“Sure. But perhaps we should talk about some other things first. I should start by saying, Robbie, that we’ll be able to visit people and places of the past. We’ll be able to see and hear all around us, but none of the people of those earlier times will notice us. We’ll be there, but we’ll be completely unknown and invisible to anyone involved,” Red Hawk explained.
Robbie’s dream was so real and so clear and he went deeper into its magic.
Red Hawk thought it best to begin with a narrative on the nature of the game of lacrosse in his culture.
“For any young man in our Cherokee tribe, these sticks symbolized a great deal. As soon as we touched the sticks, every one of us could immediately feel the power and spirit of the warriors, living and deceased, in our tribe. What the French named lacrosse, we called stickball. The game was a central part of our lives as boys, a way for us to be accepted as men. When we were still too young to go into battle with our older brothers, uncles, and fathers, stickball substituted as a means to show our strength, skill, and courage—the same traits that would make us successful as hunters and defenders of our tribe. When we became older, we still played with passion, mostly to invite the favor of our gods, to strengthen our boys, to earn respect for our clans in contests with others, and to continue to parade our physical prowess and courage. It was a game but also a tool that helped us become men. Would you like to see what the game looked like for my people?”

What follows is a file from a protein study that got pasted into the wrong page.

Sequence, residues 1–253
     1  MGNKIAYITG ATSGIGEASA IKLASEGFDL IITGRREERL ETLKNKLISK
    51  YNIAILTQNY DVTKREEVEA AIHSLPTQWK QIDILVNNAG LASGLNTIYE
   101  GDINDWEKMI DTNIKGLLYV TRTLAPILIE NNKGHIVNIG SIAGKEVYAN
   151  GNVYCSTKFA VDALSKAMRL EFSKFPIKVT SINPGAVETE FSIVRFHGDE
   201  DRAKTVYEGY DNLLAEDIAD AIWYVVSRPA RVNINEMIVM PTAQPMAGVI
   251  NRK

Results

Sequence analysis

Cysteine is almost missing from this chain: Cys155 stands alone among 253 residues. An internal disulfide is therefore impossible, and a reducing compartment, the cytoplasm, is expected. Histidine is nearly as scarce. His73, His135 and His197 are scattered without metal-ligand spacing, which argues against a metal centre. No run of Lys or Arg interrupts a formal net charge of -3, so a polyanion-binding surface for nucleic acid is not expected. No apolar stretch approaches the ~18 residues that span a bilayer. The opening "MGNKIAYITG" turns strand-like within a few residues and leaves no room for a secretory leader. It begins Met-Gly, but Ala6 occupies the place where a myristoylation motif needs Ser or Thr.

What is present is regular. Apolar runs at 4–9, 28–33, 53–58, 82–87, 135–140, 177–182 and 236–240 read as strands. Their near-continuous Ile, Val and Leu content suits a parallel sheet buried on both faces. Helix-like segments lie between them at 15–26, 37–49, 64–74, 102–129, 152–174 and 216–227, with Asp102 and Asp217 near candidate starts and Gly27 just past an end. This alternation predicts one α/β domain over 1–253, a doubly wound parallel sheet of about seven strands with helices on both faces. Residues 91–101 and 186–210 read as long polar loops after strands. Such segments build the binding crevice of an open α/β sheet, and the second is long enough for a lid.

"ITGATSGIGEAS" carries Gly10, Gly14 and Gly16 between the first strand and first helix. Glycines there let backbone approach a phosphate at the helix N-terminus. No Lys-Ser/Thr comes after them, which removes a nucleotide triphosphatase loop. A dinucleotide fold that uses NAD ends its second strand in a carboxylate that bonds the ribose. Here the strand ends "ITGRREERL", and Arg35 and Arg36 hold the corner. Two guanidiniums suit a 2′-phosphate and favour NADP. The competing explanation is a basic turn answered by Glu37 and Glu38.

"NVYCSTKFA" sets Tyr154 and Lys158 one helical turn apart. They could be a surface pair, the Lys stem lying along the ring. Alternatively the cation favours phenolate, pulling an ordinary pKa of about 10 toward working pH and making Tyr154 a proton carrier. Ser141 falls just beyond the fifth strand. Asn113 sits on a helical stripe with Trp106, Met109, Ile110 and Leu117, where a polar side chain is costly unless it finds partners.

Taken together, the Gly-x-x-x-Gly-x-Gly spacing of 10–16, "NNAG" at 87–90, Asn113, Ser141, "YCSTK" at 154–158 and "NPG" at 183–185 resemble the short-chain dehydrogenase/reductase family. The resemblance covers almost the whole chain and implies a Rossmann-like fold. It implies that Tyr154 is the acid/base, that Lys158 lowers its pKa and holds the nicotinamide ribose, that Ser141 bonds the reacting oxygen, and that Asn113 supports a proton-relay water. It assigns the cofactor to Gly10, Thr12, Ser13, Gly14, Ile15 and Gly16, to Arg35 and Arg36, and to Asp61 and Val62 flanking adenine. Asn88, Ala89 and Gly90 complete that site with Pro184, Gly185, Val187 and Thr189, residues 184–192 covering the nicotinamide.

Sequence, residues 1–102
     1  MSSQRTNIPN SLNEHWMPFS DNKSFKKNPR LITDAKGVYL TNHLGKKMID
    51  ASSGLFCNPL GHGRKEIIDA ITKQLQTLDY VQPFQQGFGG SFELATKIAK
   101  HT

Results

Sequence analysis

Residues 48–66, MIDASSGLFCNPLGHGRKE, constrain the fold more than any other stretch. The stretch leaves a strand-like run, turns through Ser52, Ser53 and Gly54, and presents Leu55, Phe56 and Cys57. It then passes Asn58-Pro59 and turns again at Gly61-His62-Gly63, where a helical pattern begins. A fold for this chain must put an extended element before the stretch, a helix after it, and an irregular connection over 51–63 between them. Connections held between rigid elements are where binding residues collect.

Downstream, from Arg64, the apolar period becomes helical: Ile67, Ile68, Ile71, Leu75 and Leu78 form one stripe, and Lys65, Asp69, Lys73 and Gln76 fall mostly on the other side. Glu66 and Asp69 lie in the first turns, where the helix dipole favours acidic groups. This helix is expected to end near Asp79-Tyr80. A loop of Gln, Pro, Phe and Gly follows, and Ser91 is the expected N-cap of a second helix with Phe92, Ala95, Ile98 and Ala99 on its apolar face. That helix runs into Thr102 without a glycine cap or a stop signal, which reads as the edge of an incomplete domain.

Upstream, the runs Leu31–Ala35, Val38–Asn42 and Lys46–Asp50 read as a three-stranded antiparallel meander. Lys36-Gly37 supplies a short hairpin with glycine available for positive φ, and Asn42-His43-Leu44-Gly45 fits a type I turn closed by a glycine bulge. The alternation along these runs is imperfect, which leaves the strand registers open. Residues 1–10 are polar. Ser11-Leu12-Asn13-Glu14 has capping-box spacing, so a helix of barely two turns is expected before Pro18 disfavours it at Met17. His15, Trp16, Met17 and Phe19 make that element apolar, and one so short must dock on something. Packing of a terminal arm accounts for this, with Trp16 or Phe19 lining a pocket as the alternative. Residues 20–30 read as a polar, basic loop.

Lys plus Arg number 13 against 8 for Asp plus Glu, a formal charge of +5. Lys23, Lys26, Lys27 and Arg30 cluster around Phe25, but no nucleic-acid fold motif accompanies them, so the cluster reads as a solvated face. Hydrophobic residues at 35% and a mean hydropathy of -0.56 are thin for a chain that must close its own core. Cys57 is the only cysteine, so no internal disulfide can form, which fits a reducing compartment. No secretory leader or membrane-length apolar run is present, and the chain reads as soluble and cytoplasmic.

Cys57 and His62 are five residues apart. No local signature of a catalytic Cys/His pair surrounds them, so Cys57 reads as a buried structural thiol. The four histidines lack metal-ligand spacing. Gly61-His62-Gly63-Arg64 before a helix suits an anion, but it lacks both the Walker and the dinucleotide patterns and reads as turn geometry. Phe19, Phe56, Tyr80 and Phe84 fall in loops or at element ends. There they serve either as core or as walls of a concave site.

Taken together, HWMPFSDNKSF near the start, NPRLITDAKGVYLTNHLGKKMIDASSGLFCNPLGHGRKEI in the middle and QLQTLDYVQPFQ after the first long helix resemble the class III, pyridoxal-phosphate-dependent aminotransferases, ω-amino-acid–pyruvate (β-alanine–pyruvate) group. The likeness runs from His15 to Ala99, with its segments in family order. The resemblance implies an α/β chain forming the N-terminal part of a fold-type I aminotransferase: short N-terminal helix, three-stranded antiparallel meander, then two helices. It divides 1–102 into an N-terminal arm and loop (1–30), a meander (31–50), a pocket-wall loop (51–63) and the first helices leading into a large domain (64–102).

Red Hawk walked Robbie through a small stand of shade trees which ran into the shadows and burst out into a bright, sun-lit meadow. This was Robbie’s first trip through time and it was to a Cherokee village on the Little Tennessee River in current-day Smoky Mountain National Park on the western edge of North Carolina. The year was 1835.
Red Hawk began, “This is the clan of my grandfather, the Bear Clan. They are preparing for a stickball game with the Wolf Clan, who issued a challenge earlier in the summer.”
Robbie soaked in the lush green scenery, the gentle mountains all around. Red Hawk led Robbie to a small stream where they saw about twenty Cherokee young men waist deep in the water. Red Hawk described the scene.